Saturday, January 28, 2012

New Teacher Evaluation System

Next year our district is going to a new teacher evaluation system.  Modeled after Marzano, the evaluation  is about ten pages long.  Since my hubby is an administrator, I was taking a look at it the other day.    I didn't even finish reading the first indicator before I thought, I'd better get busy now.  The first indicator had to do with students being engaged and responsible for the day's topic.  They need to be able to state the objective in their own words, the teacher must repeatedly refer back to the objective throughout the lesson, and they must know up front how they will be assessed and should be prompted to self assess.  Here is something that I came up with for a lesson on integers.  Our lesson was a review which was a perfect time for students to self assess.  It was actually quite helpful, as I collected them when they walked out the door.

Name _____________________
Today’s Date _______________
_____I can find integers on a number line.
_____I am good at comparing integers.
_____I can correctly pick 2 signs next to 
each other.  (i.e. 3+(-4))
_____I correctly answer most integer 
problems like the ones in today’s activities.
_____I feel like I can solve integers in 
story problems.
Questions I still have:

I'd love to know if anyone else is using something to help kids be personally responsible for learning throughout the lesson.  I don't feel like reinventing the wheel if I don't have to!


Mrs. Poland said...

Hi Jena - I am currently in Grad school and it looks like I am being trained to teach to fit the new standards. Here is what I do for each of my lesson plans. I will try and create a post about it soon so you can see what I do.

1 - For each lesson I create a "road map" for my students. I need to know what standards I am teaching to then translate this into action-oriented objectives.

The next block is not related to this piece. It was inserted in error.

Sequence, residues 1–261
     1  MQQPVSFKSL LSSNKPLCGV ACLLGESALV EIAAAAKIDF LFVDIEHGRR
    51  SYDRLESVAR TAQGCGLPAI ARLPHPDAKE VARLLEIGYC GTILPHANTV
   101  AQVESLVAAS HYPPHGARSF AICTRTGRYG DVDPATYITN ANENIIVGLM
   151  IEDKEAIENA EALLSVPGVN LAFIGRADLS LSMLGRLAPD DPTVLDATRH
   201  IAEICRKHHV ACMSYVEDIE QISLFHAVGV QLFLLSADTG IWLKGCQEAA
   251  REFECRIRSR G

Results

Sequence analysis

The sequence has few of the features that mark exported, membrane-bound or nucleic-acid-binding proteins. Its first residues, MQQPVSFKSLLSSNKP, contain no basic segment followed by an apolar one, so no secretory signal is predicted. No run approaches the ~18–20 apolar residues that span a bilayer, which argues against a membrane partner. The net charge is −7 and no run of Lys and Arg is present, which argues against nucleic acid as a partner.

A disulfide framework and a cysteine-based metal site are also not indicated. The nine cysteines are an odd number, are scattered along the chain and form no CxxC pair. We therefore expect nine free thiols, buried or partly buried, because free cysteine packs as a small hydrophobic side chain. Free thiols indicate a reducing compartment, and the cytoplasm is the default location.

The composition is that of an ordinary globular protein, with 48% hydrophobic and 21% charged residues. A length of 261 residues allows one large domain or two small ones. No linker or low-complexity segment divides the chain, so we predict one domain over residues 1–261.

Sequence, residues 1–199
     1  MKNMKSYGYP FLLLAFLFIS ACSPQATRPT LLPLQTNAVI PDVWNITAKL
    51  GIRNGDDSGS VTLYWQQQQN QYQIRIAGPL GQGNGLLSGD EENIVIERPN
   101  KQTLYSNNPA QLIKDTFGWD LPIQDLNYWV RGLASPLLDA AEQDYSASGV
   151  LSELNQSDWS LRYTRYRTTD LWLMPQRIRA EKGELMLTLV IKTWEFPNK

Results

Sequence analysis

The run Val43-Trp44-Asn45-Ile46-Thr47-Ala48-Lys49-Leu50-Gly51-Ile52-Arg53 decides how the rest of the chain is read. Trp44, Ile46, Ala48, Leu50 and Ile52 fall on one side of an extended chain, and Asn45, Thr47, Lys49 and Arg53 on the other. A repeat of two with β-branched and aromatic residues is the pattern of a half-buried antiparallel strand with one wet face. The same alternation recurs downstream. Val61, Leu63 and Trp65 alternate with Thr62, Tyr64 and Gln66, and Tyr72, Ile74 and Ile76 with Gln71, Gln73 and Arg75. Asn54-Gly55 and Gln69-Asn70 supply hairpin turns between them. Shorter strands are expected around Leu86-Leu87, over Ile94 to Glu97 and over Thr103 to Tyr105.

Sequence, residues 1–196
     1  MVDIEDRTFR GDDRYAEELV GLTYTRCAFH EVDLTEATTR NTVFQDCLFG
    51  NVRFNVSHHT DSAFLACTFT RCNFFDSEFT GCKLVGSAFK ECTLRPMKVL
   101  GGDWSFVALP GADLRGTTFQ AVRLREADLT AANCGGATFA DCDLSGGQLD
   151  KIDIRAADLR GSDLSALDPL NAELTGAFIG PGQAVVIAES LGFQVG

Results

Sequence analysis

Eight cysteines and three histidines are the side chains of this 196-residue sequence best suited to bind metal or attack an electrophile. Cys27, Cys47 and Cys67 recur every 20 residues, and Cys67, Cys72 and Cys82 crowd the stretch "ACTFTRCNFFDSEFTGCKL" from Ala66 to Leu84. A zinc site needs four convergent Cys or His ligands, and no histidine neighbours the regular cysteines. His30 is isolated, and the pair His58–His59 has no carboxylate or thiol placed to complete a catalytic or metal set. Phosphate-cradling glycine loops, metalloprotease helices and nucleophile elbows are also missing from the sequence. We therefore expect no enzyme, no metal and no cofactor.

2 - Objectives are posted in the classroom on focus boards. These are not lesson specific but rather unit specific.
3 - Everyone loves and knows about emoticons. I use these with my students. A smiley face means - easy, peasy I did that in Kindergarten. A regular face means - I understand what you are asking of me and I can do it. A sad face means - Can you repeat that in English?
4 - Students are asked to put a emoticon in top left corner of all tests (pre-tests included). They an also add this to any assignment. It provides me with a lot of information. For example, a sad face a perfect score tells me they are great guessers, they cheated (hopefully not!), or they have no confidence in their knowledge of the subject.

Sometimes you might need more information or a student would like to discuss it further. I allow my students to email or write me a note.

@ Think, Wonder, & Teach

Sherrie said...

I love the idea of a simple exit slip where they self assess their understanding of the objectives. TFS!

Caught in the Middle said...

Thanks for your insight, Misty! I can't wait to read more about this.

24/7 Teacher said...

You have me thinking... I need to improve in this area. Love your blog! Take care, Nikki

Merry in the Middle said...

Here is an idea that I enjoy. When students leave the room, they must pose a question about what we learned that day. You can't do this everyday but it is an interesting assessment.

Kim said...

Hi Jena:
You've been tagged!
Please come by Joy in Sixth and check it out!

Finding JOY in 6th Grade

Caught in the Middle said...

Thanks for thinking of me, Kim. I'm just not sure I'm going to have time this week. I will at least try to answer your questions...but for now, I'm going to bed.

Sarah said...

Tag, you're it!

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